Monday, January 10, 2011

Executive Compensation at Non-Profit Hospitals: Pay for ... Fraud?

We have often discussed executive compensation at US hospitals and academic medical centers, which seems to run from generous to outrageous.  The usual explanation by organizational spokespeople, and occasionally boards of trustees is that this is the sort of compensation needed to attract the best and the brightest, a variation of the "pay for performance" meme that resounds throughout business schools and executive suites.  However, almost never does anyone at any hospital or AMC acknowledge that their leaders are not the best and brightest, although outside of Lake Woebegone, all cannot be above average.

Here are two recent stories about hospital executives whose compensation contrasted with their performance.

Danbury Hospital

We previously posted about how the former chief financial officer (CFO) of Danbury Hospital, now part of Western Connecticut Healthcare, was found in violation of a no-contact order that arose after he was charged with multiple counts of fraud.  It turns out that the William Roe, the former CFO, previously was paid $267,990, per the Danbury News-Times

This month, again according to the News-Times, he pleaded guilty:
William Roe, the former chief financial officer of Danbury Hospital arrested in August and charged with defrauding the hospital out of more than $100,000, pleaded guilty Tuesday to one count of wire fraud.

The plea reduces the charges against Roe. In September, in addition to the wire fraud charges, federal prosecutors charged him with two counts of interstate transportation of stolen money. Those charges have been dropped as part of the plea deal.

Along with the guilty plea, Roe has agreed to reimburse Danbury Hospital more than $140,000. He also will reimburse St. Rita Hospital in Lima, Ohio, where he worked as CFO before coming to Danbury Hospital, an additional $75,000 for funds he allegedly stole there.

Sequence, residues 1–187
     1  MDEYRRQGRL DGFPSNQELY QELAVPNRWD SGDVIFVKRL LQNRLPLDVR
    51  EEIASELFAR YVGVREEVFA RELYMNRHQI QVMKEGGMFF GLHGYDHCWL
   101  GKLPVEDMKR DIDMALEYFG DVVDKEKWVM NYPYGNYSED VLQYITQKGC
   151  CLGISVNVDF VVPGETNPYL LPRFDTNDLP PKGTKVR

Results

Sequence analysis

Archbold Memorial Hospital

This is one of those cases it would be hard to make up. The Dow Jones News Service originally reported in December, 2010:
A Georgia hospital paid $13.9 million to settle allegations it submitted false claims to the state's Medicaid program, the Justice Department said Wednesday.

The settlement resolves allegations that between November 2002 and July 2008, Thomasville, Ga., John D. Archbold Memorial Hospital Inc. made false representations to the Georgia Department of Community Health, the state agency that administers the Medicaid program in Georgia, that it was a public hospital for Medicaid purposes in order to increase the amount of funds provided to the hospital.

Under Medicaid rules, only public hospitals may participate in the Medicaid Upper Payment Limit, or UPL program. Contrary to its state certification, Archbold Memorial was in fact a private hospital, the Justice Department said, and as a result received millions of dollars in funds to which it was not entitled.
A private not-for-profit hospital claimed to be a public hospital to Medicaid?  And it took years for anyone to figure out that was not the case?  It would have been hard to make that one up.
Two executives took the rap:
in early 2008, then-Chief Financial Officer William Sellers resigned after a three-month suspension and pleaded guilty to charges related to his role in the matter. Former Chief Executive Ken Beverly, who also resigned in February of that year, was recently convicted on charges regarding his involvement.

The Albany (Georgia) Herald reported that Mr Beverly did quite well between the time of his resignation and his conviction:
Former CEO Ken Beverly resigned from his post in 2008 and walked away with more than $6.1 million in compensation and benefits. He was later indicted by a federal grand jury.

Convicted Dec. 8, 2010, of six felony counts related to an indictment alleging he was part of a scheme to defraud Medicaid, Beverly remains free on bond and is awaiting a sentencing hearing.

So is that $1 million per felony count? At least we can be assured it was not a "golden parachute,"